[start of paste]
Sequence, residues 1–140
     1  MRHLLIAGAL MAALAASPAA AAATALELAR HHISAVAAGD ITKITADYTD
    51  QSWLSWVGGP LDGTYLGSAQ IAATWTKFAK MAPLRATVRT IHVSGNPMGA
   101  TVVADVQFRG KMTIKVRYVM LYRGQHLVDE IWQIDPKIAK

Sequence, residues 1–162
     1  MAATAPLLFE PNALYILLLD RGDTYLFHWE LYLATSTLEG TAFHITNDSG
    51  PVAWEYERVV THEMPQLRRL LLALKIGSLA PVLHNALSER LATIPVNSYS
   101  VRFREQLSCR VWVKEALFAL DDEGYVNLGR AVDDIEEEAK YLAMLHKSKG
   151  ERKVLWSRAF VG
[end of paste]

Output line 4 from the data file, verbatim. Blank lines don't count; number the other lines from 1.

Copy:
   101  TVVADVQFRG KMTIKVRYVM LYRGQHLVDE IWQIDPKIAK